Update (Feb. 4, 2013, 1:10 p.m.): Be sure to head over to QNotes to read the editorial, “Critics of Boy Scout policy should follow Scouters’ lead,” published this morning.
There was much controversy this past week as news broke that the national board of the Boy Scouts of America would be considering ending their national anti-gay membership and leadership policy.
“This would mean there would no longer be any national policy regarding sexual orientation, and the chartered organizations that oversee and deliver Scouting would accept membership and select leaders consistent with each organization’s mission, principles, or religious beliefs,” Scouts spokesperson Deron Smith said in a statement. “BSA members and parents would be able to choose a local unit that best meets the needs of their families.”
Smith also promised that the Scouts’ national leaders would “not, under any circumstances, dictate a position to units, members, or parents” and that the national body “would not require any chartered organization to act in ways inconsistent with that organization’s mission, principles, or religious beliefs.”
The news of this week is stunning, reversing decades of exclusion of gay men and boys from participation in the nation’s preeminent organization for training and equipping young men with the tools, principles and values necessary for becoming good citizens.
There’s no firm deadline determined for making the decision, but it could come down as soon as this coming week’s national executive board meeting. And, in the meantime, LGBT and progressive leaders are speaking out with a variety of talking points, some helpful and others I believe ignore the reality of this small bit of forward movement, the chink in the armor of the Scouts’ long-standing discriminatory practices that will inevitably give way to extraordinary progress. Continue reading this post…
Charlotte Mayor Anthony Foxx appeared at the Human Rights Campaign Carolina Gala on Saturday evening, welcoming the nearly 1,400-person dinner to town with a speech that included his newly-minted public opposition to Amendment One, the anti-LGBT constitutional amendment on the primary ballot on May 8, 2012.
Charlotte Mayor Anthony Foxx personally welcomed those at the gala – a sign that things have changed since 2005, when then-Mayor Pat McCrory, a Republican, refused to issue a welcoming letter for the gala in Charlotte that year.
During his remarks Saturday, Foxx also spoke out against the proposed constitutional amendment reaffirming North Carolina’s ban – already in state law – of same-sex marriage.
Saying he’d heard from gay and lesbian city workers and police officers who could not take bereavement time or care for their partners, Foxx told the crowd that “when I go into the ballot box in May … I’m going to be voting against Amendment 1.”
He said he was concerned that passage of the amendment would scare away from Charlotte – site of the 2012 Democratic National Convention – those businesses that want to attract talented gay and lesbian employees.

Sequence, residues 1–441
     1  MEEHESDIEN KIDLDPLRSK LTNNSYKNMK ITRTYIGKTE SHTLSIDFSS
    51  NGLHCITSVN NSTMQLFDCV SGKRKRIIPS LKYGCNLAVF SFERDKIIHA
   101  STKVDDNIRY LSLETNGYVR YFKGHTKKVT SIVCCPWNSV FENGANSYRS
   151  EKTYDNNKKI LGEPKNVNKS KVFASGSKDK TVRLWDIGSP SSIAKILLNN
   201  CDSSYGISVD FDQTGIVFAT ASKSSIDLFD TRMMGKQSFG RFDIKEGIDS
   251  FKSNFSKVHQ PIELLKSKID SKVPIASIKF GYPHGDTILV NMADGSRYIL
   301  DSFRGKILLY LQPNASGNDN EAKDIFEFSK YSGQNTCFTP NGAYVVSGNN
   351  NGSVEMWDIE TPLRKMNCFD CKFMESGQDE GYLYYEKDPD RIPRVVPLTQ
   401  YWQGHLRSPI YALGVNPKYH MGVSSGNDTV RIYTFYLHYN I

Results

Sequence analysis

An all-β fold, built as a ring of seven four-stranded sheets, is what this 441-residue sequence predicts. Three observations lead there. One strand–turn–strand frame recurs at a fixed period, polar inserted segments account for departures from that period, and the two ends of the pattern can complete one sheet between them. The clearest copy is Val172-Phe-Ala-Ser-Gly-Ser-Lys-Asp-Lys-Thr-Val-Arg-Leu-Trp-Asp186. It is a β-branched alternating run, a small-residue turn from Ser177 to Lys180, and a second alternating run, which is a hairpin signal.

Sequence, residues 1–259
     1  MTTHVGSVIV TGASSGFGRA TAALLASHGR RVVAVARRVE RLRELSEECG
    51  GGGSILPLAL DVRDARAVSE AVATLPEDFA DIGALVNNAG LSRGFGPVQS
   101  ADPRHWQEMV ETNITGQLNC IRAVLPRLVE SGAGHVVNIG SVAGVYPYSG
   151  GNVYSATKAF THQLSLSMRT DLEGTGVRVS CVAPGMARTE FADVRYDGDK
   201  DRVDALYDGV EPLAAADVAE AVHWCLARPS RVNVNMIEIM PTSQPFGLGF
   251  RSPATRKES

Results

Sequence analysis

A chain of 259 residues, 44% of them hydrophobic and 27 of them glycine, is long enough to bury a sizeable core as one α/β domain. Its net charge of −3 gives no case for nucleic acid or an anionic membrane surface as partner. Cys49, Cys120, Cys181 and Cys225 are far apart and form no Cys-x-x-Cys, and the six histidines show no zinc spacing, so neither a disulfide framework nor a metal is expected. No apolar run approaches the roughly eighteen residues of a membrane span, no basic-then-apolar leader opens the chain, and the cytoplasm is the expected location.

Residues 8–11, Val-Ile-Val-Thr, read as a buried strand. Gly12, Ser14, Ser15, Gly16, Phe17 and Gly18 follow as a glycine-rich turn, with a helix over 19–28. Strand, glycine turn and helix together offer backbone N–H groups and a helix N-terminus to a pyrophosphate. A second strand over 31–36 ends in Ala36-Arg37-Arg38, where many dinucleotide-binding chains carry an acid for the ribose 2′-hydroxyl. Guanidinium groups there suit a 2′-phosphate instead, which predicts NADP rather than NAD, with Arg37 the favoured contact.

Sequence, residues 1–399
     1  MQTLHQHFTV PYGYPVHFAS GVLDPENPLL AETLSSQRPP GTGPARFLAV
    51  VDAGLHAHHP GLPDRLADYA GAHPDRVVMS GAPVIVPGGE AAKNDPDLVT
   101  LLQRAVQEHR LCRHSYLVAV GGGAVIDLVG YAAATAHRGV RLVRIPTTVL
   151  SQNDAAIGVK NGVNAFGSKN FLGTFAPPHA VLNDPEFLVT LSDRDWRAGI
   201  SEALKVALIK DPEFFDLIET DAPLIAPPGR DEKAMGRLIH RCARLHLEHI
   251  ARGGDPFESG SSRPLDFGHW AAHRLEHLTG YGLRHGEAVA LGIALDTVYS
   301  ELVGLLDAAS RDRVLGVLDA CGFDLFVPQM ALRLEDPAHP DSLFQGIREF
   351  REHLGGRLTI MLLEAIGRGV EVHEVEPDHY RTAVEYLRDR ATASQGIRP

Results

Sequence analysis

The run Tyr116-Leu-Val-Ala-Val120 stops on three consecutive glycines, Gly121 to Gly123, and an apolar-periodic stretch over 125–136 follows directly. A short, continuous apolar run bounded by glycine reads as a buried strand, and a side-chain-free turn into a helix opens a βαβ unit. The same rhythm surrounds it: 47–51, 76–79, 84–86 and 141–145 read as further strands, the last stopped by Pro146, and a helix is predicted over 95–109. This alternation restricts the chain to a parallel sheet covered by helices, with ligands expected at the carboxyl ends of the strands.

“They … don’t want a ‘Not Wanted’ sign hung over their front (door),” Foxx said.
Foxx’s remarks are a welcome and appreciated transformation on his part. Finally, Charlotte’s mayor has spoken out against the amendment in a personal way. The Foxx of Saturday night has come a long way since the Foxx of last year, who could rarely bring himself to utter the words “gay” or “lesbian” in public and who, at an LGBT business seminar in September, found it difficult to strongly condemn the amendment and declined to comment on how he would vote personally.
As I’ve noted, Foxx’s speech Saturday is a step forward for the city’s top elected official, the result of many conversations, public and private, pushing him to do and say more in support of his LGBT supporters and constituents. I am thankful Foxx has now spoken out so publicly against the amendment. I hope he continues to do so and that he takes his message from the largely friendly crowd at the gala to the voting public. Preaching to the choir is great (sometimes the choir needs the encouragement), but speaking out in the not-so-friendly public is what will eventually help to change hearts and minds — and votes.
And, as ever, there remains so much more work to be done. The Charlotte City Council has yet to take up a public vote on an LGBT-inclusive employment non-discrimination ordinance or domestic partner benefits. If Mayor Foxx truly supports our community and if the stories of those LGBT city workers and police officers were truly as impactful as he claims, then I’m confident Mayor Foxx will publicly renew his desire to have the council move on LGBT equality issues, as he told QNotes in November 2009: “I’d like to see the City Council move on the non-discrimination issue very early in the next term and I’d like to see us do that in a bipartisan way. I know there are members of City Council within both parties who have expressed support for including sexual orientation in the non-discrimination ordinance. Given that, I’d like to see action on that very early.”